Will the new Bligh Government be more open-minded and less autocratic than its predecessors? Perhaps, but I'm not holding my breath. I note that Ms Bligh's senior policy advisor, in a recent response to suggestions that institutional incompetence was a significant factor in SE Queensland's water crisis, made claims about unprecedented drought as the cause of the crisis that seemed inconsistent with the source that was quoted as justifying them.


John Craig

Overcoming Structural Obstacles to Effective Government in Queensland

An attempt to identify the general structural defects that have led successive Queensland premiers to failure was presented in Structural Incompetence and SE Queensland's Water Crisis. The latter referred to:

  • weakness of Queensland's civil institutions in providing (a) apolitical leadership to the community, and (b) competent / up-to-date ideas for debate and implementation by their elected representatives. Their weakness arguably:
    • reflects the 'curse' of natural resource wealth (ie leads to the false assumption that success can be intellectually effortless); and
    • leaves the community and its representatives with unrealistic perceptions of what is required for successful governance;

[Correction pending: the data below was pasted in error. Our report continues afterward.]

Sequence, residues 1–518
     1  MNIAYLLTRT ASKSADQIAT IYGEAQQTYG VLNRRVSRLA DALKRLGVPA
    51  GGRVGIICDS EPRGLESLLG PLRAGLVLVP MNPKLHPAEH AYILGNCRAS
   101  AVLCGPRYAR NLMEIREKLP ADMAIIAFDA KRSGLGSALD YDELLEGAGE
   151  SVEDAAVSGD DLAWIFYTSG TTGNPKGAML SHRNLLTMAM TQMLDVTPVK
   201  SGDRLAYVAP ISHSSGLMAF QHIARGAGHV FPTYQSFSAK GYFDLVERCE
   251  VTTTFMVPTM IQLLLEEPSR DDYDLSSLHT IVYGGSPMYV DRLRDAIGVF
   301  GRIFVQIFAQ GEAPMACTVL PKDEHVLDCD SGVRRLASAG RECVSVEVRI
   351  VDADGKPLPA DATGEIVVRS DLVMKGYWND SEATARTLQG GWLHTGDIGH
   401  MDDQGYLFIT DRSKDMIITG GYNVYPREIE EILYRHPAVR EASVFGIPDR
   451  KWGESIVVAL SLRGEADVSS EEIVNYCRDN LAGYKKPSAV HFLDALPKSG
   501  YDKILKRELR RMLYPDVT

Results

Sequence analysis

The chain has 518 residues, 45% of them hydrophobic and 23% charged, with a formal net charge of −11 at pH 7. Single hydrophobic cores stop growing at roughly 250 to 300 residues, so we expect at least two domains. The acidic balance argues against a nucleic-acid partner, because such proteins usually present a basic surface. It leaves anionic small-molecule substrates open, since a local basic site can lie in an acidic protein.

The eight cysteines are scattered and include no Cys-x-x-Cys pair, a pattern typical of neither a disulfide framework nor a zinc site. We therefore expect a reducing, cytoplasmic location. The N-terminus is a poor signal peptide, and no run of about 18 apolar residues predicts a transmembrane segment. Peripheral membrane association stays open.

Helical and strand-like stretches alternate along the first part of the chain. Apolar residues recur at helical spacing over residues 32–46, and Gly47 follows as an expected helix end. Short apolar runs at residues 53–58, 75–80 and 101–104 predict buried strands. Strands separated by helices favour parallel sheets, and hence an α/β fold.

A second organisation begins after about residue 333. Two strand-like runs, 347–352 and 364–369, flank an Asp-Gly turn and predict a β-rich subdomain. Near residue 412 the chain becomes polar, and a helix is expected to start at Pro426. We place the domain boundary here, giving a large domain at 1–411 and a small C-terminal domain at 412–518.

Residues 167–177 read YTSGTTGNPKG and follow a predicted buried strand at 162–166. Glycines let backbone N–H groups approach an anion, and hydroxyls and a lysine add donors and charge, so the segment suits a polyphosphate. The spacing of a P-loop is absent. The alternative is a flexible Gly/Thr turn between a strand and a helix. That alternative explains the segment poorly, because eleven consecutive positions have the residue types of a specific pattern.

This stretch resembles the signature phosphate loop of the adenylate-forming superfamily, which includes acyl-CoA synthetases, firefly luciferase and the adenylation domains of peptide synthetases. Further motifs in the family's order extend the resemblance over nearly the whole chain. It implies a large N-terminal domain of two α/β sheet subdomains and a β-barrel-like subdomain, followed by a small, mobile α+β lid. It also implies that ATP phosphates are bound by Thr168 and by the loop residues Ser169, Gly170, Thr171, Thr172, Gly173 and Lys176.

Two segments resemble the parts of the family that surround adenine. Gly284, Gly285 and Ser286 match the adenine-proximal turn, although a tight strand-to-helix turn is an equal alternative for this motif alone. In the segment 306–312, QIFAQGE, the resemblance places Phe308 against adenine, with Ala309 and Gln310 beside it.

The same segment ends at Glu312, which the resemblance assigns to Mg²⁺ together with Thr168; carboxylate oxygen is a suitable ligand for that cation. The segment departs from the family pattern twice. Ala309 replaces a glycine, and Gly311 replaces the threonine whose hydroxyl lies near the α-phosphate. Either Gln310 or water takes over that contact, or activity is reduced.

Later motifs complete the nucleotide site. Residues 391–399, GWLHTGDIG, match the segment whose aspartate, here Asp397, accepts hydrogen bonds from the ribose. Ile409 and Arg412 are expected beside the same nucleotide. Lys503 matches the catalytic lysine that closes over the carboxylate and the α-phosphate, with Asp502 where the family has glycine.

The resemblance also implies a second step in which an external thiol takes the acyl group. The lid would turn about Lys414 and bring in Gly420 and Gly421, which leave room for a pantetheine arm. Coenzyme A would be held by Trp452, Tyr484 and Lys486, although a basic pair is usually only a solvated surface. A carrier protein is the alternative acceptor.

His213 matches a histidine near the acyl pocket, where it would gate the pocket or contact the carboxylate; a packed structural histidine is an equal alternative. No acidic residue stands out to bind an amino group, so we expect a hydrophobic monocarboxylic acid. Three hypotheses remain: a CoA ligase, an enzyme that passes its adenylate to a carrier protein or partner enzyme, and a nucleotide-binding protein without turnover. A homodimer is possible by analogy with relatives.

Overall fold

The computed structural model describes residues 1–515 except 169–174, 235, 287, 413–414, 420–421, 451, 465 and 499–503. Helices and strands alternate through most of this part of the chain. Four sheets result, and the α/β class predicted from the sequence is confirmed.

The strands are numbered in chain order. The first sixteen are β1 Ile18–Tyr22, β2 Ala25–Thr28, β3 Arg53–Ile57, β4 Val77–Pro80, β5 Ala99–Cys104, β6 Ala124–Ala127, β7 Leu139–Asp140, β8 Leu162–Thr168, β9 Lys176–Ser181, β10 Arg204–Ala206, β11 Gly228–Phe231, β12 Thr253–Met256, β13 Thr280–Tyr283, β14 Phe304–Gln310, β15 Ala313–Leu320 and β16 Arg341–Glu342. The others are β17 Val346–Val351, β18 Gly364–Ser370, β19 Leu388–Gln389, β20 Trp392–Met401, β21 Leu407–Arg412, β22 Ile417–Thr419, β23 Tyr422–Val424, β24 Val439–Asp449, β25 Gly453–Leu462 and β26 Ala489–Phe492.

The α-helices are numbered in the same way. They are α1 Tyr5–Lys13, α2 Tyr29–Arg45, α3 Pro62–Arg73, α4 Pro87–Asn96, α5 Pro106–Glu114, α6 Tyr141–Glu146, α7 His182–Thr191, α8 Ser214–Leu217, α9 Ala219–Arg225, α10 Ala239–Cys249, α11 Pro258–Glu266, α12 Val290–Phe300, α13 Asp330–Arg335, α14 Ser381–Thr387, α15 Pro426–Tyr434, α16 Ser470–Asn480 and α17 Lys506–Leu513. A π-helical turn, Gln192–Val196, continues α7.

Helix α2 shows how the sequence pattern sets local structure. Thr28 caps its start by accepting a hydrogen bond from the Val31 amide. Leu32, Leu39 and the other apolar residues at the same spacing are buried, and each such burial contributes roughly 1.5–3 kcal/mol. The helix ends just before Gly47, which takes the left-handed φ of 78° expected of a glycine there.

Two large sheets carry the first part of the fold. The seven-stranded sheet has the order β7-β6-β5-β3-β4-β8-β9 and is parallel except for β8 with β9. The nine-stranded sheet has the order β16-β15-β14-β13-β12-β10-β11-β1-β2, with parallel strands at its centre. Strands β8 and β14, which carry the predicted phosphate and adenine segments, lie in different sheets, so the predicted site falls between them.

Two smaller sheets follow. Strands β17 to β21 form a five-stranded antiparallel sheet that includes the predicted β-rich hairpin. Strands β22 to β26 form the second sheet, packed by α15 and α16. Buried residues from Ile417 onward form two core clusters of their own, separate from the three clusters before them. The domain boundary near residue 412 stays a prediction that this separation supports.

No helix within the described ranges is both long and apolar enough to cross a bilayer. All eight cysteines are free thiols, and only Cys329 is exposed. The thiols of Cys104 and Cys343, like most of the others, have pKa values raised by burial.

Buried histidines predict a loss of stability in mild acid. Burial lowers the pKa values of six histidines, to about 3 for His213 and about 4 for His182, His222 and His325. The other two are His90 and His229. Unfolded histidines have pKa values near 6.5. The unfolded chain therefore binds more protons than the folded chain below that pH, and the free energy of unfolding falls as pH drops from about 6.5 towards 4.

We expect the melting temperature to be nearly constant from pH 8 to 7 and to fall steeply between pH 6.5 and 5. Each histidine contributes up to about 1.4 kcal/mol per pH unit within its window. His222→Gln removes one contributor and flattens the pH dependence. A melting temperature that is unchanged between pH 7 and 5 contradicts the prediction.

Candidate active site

• federal fiscal imbalances that distort operations, and have made it almost impossible for states to take serious responsibility for their nominal functions;
  • neglect of public administration machinery in the 1980s, as Bjelke Peterson Governments focussed on support for major investment projects;
  • unworkably centralized and politicised machinery of government created by Goss Governments in the early 1990s;
  • attempts since then to improve performance by applying market and business-like methods to the primarily non-business-like functions of government.

Until such institutional obstacles are addressed and overcome, Queensland's record of unsuccessful Premiers is likely to remain unbroken. Real success will be anything but as easy as the community assumes that it ought to be.

The first requirement may be to create a more realistic public understanding of the nature of government, noting that: